With the Senate back in session, the uncertainties of how it will operate in this new environment are starting to make themselves be seen. With each passing day, the lack of Senate Question Period becomes a little more awkward, and until new government legislation starts coming down the pipe, much of their debates right now are about just how they plan to organize themselves. Part of these are the debates about breached privileges – not only the continuation of the investigation of the prima facia breach from the previous parliament about the leak of the AG report, but also Senator Housakos’ complaint that the lack of a government representative doesn’t allow senators to properly do their jobs, and a new complaint today about how the rights of independent senators are being breached in the way that committees are currently organising themselves. In this case it was Senator Wallace, who recently left the Conservative caucus of his own volition, essentially complaining that he couldn’t get a committee assignment that he’d asked for (and the only one that was offered to him he turned down). And it’s already been raised in this parliament that the way committee assignments are determined are a problem for independent senators, and it’s a debate that needs to be had – particularly if there is to be a new batch of independent senators on the way in (though I don’t expect them all to remain independent, nor should they, really). And until some real work starts to land on the Senate’s docket, these kinds of organizational debates are going to dominate for the weeks to come, which may start to reshape how the organisation functions as a whole. If Trudeau did one thing in his non-constitutional Senate reform promise, it was to force the chamber to reform itself from within. One just hopes that the end result hasn’t broken it for the sake of better optics.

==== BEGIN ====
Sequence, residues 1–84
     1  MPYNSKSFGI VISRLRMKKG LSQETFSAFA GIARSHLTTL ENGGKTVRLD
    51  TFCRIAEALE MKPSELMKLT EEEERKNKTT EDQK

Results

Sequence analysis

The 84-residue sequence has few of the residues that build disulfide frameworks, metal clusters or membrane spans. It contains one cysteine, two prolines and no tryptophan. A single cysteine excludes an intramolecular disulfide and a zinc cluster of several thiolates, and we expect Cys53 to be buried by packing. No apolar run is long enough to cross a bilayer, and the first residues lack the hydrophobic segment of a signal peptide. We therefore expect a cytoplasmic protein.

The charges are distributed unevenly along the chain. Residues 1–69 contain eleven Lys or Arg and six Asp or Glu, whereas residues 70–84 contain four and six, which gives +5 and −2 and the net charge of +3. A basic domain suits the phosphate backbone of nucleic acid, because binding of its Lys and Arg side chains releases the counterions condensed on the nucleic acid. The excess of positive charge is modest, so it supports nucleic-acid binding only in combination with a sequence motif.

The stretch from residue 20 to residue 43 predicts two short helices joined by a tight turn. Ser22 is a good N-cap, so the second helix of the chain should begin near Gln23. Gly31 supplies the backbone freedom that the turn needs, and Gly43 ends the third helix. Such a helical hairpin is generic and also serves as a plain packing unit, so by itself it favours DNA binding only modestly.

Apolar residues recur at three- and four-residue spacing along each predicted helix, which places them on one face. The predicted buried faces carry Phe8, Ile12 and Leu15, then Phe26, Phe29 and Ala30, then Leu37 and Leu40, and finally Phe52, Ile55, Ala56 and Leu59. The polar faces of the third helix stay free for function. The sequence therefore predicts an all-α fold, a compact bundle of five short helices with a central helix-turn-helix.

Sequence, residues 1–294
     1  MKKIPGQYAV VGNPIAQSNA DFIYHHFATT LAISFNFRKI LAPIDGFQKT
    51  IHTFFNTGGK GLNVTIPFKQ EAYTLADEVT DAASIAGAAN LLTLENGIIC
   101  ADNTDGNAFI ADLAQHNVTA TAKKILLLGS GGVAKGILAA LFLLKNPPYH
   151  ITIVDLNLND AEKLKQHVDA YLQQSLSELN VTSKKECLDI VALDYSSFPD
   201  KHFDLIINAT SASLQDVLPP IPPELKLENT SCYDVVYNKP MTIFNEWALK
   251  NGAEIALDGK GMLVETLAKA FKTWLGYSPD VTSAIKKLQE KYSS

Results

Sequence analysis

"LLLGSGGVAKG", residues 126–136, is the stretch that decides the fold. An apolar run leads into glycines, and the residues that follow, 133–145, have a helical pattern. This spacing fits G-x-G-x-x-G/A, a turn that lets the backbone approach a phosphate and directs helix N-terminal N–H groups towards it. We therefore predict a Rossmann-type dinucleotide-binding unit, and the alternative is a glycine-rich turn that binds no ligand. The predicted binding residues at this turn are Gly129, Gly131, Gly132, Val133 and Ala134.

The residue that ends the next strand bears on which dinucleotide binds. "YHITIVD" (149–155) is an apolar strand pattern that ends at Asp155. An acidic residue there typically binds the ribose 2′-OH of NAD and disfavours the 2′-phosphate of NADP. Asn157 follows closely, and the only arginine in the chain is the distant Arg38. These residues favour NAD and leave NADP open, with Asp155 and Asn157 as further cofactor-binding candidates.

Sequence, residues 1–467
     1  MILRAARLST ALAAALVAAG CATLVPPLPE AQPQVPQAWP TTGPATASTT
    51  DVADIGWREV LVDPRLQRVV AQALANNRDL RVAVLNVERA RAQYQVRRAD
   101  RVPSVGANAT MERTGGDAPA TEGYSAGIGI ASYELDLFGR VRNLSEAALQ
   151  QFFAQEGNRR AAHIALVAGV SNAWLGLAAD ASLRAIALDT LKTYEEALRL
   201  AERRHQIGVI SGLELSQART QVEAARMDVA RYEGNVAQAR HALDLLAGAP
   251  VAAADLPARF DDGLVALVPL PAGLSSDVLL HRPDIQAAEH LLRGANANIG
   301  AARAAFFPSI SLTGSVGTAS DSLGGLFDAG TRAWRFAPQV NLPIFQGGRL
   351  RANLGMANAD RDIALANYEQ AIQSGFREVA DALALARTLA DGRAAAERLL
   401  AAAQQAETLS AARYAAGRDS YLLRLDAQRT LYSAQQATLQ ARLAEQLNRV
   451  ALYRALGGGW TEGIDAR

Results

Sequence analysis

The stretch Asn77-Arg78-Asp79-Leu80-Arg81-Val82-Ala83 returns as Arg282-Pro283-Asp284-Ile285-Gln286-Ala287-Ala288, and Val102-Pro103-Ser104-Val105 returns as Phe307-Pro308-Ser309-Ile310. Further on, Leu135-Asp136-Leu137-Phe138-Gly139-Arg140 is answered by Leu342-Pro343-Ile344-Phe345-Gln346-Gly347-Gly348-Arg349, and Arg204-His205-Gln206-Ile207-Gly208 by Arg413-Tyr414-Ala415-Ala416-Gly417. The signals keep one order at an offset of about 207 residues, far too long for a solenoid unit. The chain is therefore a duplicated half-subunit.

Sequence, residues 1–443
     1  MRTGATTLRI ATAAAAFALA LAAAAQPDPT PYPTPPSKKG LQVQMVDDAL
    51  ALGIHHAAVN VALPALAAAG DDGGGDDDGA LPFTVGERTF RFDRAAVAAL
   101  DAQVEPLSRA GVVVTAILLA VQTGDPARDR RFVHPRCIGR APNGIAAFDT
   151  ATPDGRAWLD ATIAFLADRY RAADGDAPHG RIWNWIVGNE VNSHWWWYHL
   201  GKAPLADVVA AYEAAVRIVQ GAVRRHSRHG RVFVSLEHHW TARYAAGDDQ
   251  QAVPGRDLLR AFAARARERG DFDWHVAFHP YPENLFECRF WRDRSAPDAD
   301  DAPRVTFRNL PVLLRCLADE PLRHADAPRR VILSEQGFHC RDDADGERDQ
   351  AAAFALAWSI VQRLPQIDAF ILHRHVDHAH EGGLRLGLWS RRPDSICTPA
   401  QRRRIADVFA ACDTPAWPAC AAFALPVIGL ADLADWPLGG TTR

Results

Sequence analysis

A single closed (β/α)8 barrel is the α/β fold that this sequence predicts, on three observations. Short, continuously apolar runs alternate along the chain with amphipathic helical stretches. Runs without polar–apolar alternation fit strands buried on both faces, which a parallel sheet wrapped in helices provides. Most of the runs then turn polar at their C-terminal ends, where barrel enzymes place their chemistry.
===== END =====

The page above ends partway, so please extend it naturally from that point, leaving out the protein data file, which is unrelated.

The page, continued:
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Roundup: Appointment board terms

The Order in Council relating to the new Senate appointment board was made public yesterday, and some of the details were tweeted out (as below, with commentary). Of note for me when you read the terms was that this interim process for the first five appointments will be done by engaging with civil society groups of various distinctions. The permanent process going forward will be the one that invites people to nominate others (or themselves) as vacancies come open.

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Roundup: Taking the fall for Duffy

It’s a curious case of loyalty in action. Mike Duffy’s former assistant is trying to take the blame for his claiming per diems when the Senate wasn’t sitting because apparently expense claims are hard! Oh, except the claims don’t all fall within the time that she worked within his office, and she is a veteran of several other offices, and should have known what was okay to claim and what wasn’t. And she would almost certainly have been the person who booked the travel, so she should have known where he was at when the claims were made. More importantly, Duffy signed off on all of it, and he is ultimately responsible. It’s a valiant effort, but one that is wholly undeserved. Here’s a list of what he was trying to claim, and the new spending rules adopted by the Chamber, and the question has been asked why Senate finance officials didn’t cross-check his claims with the audit once it was done, while Conservatives in the Senate tried to rush to call it case closed. Marjorie LeBreton calls the abuse of expenses a “betrayal” of the Senate, and she’s right.

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Roundup: Untangling the clusterduff

It’s hard to know where to start with the constant revelations on the Senator Mike Duffy file yesterday, because they were coming pretty fast and furious, but the biggest news was that he “voluntarily” left caucus because he had become a distraction. One adds the quotation marks around “voluntary” because word is that the other members of the Conservative Senate caucus were signing a petition to have him ousted, so the writing may have been on the wall. He still wants back in, once everything is sorted and he is somehow vindicated, but considering how he and his lawyers refused to cooperate with the Deloitte auditors, and the fact that he was allegedly making that deal with Nigel Wright in order to make his expenses outrage go away, well, the desire to see his name cleared doesn’t seem to have been top of mind the past few months.